February 6, 1920
Departmental Order 158-A established the Division of Political Information.
March 1, 1920
Departmental Order 161 replaced the Adviser on Commercial Treaties with the Foreign Trade Adviser.
April 9, 1920
Departmental Order 165 gave the Director of the Consular Service the additional title of Assistant to the Secretary. The new position placed the Director in charge of administration and general management of the Department, and placed the Chief Clerk under them.
July 21, 1920
Departmental Order 174 established a Diplomatic Personnel Committee to consider appointments and transfers within the Diplomatic Service. On September 1, 1921, Departmental Order 224 established a counterpart for the Consular Service, the Office of Consular Personnel.
March 3, 1921
A Joint Resolution terminating various wartime emergency laws (41 Stat. 1359) lifted travel restrictions imposed during World War I. The Travel Control Act remained in force, but would only be applied in wartime.
March 22, 1921
May 5, 1921
Departmental Order 201 established the Division of Foreign Information to replace the Division of Foreign Intelligence.
May 13, 1921
Departmental Order 203 replaced the Bureau of Rolls and Library with the Division of Publications. It had custody of laws, treaties, and Presidential proclamations, supervised Department publications, had charge of the Library, and prepared Foreign Relations and a history of the Department during World War I.
May 19, 1921
The Immigration Act of 1921 (42 Stat. 5) introduced immigration quotas based on national origins. Quotas were set at 3% of the persons of any given nationality who resided in the United States in 1910. They were to be set by the Commissioner-General of Immigration. They would then be submitted to the Secretary of State for transmission to U.S. Diplomatic and Consular officers.
May 24, 1921
Departmental Order 206 replaced the Division of Foreign Intelligence with the Division of Current Information to handle relations with the press.
Departmental Order 207 established the Division of Political Information to replace the Division of Political and Economic Information. It also collected social and geographical information, and was in charge of the Department’s map collection. In 1924 it assumed charge of the Department library.
June 21, 1921
After Section 214(a) of the Budget and Accounting Act of 1921 required government departments to designate a Budget Officer (42 Stat. 23), Departmental Order 213 appointed Wilbur J. Carr to the position.
June 30, 1921
The remaining diplomatic courier service in Europe was discontinued for economic reasons, but re-established the following year. The courier service in East Asia was discontinued eight months later.
A passport agency was opened in Chicago, Illinois. It was closed June 30, 1942, and reopened December 19, 1949.
August 6, 1921
A passport agency was opened in New Orleans, Louisiana.
August 30, 1921
Departmental Order 223 transferred the Chief Special Agent from the office of the Secretary of State to that of the Under Secretary.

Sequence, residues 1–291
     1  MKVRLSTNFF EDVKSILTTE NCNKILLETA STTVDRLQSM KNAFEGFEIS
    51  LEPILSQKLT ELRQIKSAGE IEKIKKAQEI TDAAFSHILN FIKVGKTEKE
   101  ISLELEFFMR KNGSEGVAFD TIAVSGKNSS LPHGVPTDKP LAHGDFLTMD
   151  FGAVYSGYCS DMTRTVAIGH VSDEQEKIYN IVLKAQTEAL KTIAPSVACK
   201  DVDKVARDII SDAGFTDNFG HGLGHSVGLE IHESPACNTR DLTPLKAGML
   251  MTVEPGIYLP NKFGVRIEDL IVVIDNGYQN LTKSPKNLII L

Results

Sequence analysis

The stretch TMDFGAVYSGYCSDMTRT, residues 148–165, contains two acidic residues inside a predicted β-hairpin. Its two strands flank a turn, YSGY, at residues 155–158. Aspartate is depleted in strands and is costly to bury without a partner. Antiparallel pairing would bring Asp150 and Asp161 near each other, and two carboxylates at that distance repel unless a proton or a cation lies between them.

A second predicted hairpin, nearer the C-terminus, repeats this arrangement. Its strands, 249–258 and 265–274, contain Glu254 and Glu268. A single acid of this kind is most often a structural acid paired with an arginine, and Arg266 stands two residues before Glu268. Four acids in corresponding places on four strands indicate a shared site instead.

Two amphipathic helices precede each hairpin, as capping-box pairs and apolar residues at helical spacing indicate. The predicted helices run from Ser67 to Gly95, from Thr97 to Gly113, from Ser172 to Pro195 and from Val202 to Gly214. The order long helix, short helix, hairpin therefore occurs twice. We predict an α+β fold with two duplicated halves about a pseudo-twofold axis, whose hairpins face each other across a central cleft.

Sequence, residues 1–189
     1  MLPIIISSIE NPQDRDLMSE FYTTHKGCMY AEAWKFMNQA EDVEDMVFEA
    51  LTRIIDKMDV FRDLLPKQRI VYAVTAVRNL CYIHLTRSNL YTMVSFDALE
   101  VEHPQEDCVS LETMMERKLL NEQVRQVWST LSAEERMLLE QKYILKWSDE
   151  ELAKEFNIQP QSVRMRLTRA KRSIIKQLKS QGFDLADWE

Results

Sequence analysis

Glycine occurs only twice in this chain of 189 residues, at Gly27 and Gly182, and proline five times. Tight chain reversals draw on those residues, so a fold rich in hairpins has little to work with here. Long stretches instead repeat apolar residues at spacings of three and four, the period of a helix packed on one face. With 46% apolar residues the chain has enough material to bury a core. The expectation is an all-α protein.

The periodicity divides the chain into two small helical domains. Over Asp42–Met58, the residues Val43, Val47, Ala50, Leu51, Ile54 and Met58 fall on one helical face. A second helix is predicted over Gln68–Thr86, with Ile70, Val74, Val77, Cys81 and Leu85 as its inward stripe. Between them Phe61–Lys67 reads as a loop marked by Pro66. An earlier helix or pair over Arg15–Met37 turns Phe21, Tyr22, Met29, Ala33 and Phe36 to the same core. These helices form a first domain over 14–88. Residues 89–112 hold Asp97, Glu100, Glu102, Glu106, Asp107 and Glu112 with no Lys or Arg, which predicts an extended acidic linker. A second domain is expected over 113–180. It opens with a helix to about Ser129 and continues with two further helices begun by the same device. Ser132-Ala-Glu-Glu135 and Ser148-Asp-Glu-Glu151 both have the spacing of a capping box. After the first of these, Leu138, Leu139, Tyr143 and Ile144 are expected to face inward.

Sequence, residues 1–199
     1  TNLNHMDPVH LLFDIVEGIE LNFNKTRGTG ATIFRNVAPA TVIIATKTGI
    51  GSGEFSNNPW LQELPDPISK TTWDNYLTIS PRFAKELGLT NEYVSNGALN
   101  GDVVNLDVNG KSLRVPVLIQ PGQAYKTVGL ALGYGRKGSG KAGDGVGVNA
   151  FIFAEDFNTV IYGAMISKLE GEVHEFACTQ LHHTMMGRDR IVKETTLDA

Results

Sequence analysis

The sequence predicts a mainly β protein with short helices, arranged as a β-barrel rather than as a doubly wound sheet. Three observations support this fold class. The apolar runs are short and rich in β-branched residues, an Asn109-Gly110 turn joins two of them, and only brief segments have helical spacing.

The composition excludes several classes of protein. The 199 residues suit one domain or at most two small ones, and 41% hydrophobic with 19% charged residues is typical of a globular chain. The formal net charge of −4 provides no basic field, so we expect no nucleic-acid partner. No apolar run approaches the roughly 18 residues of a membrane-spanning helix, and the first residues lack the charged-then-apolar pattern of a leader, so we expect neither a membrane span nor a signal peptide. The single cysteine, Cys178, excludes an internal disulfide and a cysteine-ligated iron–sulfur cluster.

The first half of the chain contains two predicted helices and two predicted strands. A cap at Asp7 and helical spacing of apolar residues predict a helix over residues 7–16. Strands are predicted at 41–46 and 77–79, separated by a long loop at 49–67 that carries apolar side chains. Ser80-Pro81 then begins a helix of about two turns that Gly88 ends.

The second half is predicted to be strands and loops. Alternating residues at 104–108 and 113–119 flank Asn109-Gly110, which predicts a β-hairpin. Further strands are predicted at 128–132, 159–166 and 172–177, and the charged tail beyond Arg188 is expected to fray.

December 20, 1921
Departmental Order 236 ½ replaced the Office of the Foreign Trade Adviser with the Office of the Economic Adviser. Arthur C. Millspaugh held the new position.
May 31, 1922
Departmental Order 253 established a five-member Board of Review to determine and administer efficiency ratings of the Department of State’s domestic personnel.
October 10, 1922
Departmental Order 269 made the Division of Russian Affairs the Division of Eastern European Affairs. Its responsibilities were expanded to include Finland, Poland, and the Baltic States.
January 31, 1924
Departmental Order 285-B established an Office of Coordination and Review to oversee the style and format of the Department’s official correspondence.
April 16, 1924
Departmental Order 290 transferred the Library from the Division of Publications to the Division of Political and Economic Information.
May 24, 1924
The Foreign Service Act (Rogers Act, 43 Stat. 146) combined the Diplomatic and Consular Services into the Foreign Service. A Division of Foreign Service Administration replaced the Diplomatic and Consular Bureaus. There would be nine classes of Foreign Service Officers, with salaries ranging from $3,000 in Class 9 to $9,000 in Class 1. Career vice consuls, consular assistants, interpreters, and student interpreters were placed in an unclassified group, with salaries ranging from $1,500 to $3,000. Appointments would be made after examination and after a probationary period in the unclassified grade. Career officers who had been chiefs of mission could be reinstated. A retirement system was established, as were representation allowances (money was not appropriated for the latter until 1931). Home leave was authorized for officers who had served three years abroad. Foreign Service Inspectors replaced the 1906 Consuls General at Large.
Numerical titles for the Assistant Secretaries of State were abolished and the number of Assistant Secretaries was increased to four.
May 26, 1924
The Immigration Act of 1924 (43 Stat. 153) required Consular officers to issue visas to immigrants. Immigration visas were valid for up to four months and were to specify nationality, quota or non-quota status, the expiration date, and any other necessary information. Consular officers were to determine whether or not an applicant was admissible. Immigration quotas were set at 2% of the number of persons of a given nationality who lived in the United States in 1890.
June 7, 1924
President Calvin Coolidge issued Executive Order No. 4022, establishing a Foreign Service Personnel Board consisting of the Under Secretary of State, two Assistant Secretaries of State (one of them the former Director of the Consular Service), and three senior Foreign Service Officers, to study the personnel records of Foreign Service officers to recommend them for promotion. A Board of Examiners, also headed by the Under Secretary, was also established.